A new collaboration (https://www.annualreviews.org/doi/abs/10.1146/annurev-environ-012420-045843) between construction experts and leading international academics, including senior members of the Intergovernmental Panel on Climate Change, reveals global innovation in the building sector with the potential to help fight climate change.
The study finds that the technology and skills already exist to achieve net- or nearly-zero energy building in nearly every part of the world – including both developed and developing countries – at costs in the range of those of traditional projects.
It is widely agreed that the sectors that can make the biggest difference to reducing carbon emissions include power, transport, and buildings. The building sector in particular is responsible for 39% of energy related greenhouse gas emissions globally, and embodied carbon in building materials could consume up to half of the remaining 1.5ºC carbon budget.
Achieving net zero carbon emissions in the building sector is vital to achieving climate goals. Sustainable building and energy retrofits are also a source of jobs, and have been identified as a key part of climate-friendly economic recovery from COVID-19.
‘With respect to climate change, the world has agreed to a target of 2⁰C, but we find ourselves on a pathway towards between 3 and 5⁰C. Buildings are at the core of meeting the world’s quality of life ambitions and addressing climate change. Of all the options available to us, getting buildings right stands out in terms of timeframe, scale effect, and economics,’ says Scott Foster, Director, Sustainable Energy Division, United Nations Economic Commission for Europe.
He continues, ‘The UN developed our Framework Guidelines for Energy Efficiency Standards in Buildings as principles-based standards conceived to meet the challenges. To do so we followed a similar approach to this paper, incorporating climate science and industry advances to inform public policy. The alignment of the findings in this paper with the Framework Guidelines reflects the growing global consensus on sustainable buildings for all.’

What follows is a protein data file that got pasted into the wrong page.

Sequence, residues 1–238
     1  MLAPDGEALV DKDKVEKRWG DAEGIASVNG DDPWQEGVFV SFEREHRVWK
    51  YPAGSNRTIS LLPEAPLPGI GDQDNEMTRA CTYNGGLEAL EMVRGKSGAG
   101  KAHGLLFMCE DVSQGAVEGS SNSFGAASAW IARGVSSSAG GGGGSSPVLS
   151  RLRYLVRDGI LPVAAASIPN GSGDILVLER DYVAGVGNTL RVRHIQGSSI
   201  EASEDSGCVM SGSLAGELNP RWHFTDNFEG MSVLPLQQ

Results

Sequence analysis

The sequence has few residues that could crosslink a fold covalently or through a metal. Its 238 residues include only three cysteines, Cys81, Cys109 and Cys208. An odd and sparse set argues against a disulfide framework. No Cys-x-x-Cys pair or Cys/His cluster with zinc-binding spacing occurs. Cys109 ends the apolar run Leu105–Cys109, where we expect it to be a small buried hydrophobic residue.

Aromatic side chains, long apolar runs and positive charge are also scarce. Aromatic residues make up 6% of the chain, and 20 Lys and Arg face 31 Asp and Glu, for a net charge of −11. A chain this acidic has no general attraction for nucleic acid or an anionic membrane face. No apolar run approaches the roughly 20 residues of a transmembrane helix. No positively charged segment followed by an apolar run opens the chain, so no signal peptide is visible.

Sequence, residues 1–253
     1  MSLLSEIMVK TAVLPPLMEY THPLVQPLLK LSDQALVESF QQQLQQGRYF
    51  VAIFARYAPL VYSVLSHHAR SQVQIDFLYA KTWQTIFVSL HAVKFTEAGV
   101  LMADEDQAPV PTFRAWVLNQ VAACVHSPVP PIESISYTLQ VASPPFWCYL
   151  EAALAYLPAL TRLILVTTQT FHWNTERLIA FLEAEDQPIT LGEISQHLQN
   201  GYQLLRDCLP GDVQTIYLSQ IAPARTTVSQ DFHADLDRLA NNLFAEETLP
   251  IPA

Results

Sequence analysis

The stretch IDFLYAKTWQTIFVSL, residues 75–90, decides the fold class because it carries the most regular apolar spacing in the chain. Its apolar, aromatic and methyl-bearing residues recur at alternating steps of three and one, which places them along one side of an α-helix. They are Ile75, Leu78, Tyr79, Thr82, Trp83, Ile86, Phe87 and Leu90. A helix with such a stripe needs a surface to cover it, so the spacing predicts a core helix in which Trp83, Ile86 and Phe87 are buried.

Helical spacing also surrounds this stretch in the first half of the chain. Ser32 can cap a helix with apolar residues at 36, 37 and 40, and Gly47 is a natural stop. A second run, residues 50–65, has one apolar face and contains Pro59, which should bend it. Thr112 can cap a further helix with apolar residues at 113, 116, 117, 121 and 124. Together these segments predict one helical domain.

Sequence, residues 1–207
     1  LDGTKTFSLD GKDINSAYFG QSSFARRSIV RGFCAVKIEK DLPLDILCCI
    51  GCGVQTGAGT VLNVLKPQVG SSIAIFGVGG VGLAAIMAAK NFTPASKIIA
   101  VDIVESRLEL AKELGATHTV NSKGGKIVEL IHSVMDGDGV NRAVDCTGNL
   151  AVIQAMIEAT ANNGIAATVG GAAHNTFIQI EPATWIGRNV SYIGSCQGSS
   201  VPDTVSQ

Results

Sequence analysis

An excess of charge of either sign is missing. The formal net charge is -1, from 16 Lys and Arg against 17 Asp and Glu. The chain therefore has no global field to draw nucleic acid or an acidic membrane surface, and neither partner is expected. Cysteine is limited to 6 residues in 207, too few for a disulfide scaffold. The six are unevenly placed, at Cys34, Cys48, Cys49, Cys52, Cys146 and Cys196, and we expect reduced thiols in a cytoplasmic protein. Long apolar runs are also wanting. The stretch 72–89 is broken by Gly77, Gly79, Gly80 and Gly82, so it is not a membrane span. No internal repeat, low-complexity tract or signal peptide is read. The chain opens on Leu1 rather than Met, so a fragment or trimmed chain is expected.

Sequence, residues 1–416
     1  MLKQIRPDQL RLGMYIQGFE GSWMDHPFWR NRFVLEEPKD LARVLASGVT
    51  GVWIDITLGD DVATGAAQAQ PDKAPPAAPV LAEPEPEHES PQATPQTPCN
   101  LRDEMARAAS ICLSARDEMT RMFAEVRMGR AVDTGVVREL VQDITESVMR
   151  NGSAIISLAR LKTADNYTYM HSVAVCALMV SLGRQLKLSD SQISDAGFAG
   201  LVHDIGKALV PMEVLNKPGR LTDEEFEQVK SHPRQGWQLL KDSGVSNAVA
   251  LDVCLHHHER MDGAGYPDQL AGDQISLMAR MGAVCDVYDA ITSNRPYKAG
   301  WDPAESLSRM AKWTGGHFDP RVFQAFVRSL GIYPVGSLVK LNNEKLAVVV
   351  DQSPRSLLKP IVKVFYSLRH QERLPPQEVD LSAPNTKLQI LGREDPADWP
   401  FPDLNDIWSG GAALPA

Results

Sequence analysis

The study examines low and ultra-low energy buildings and visionary policies internationally, and finds that change can often be achieved quickly. For example, Brussels transformed their buildings from among the lowest performing to the highest performing in all of Europe in just seven years, using a combination of voluntary measures to support and encourage industry leaders to innovate and demonstrate what was possible prior to requiring that level of performance through regulation.
In addition, because project spend related to energy efficiency is low, the study finds that the cost of sustainable buildings can match or even be less than those constructed through traditional methods.
For example, the City of Vancouver anticipated a modest increase in construction costs as a result of increased building code performance requirements but instead experienced a cost decrease of 1%.
‘Buildings are often the largest consumer of energy and source of emission in cities, and frequently represent the lowest cost option for reducing emissions,’ says David Miller, Director, International Diplomacy at C40 Cities Climate Leadership Group and former Mayor of Toronto. ‘The findings in this important paper highlight the experience of leading cities in which committed leadership has overcome the challenges to enable better, more comfortable, healthy, affordable and sustainable homes and buildings for all.’
While the study highlights the ease with which many cities have begun the transition to sustainable housing, challenges remain. The greatest technological difficulties are seen in high-rise commercial buildings in hot and humid climates and in retrofitted historic heritage buildings. Deep retrofits are also costly in the short term, and although they may cost less over time, innovative financing is often required upfront.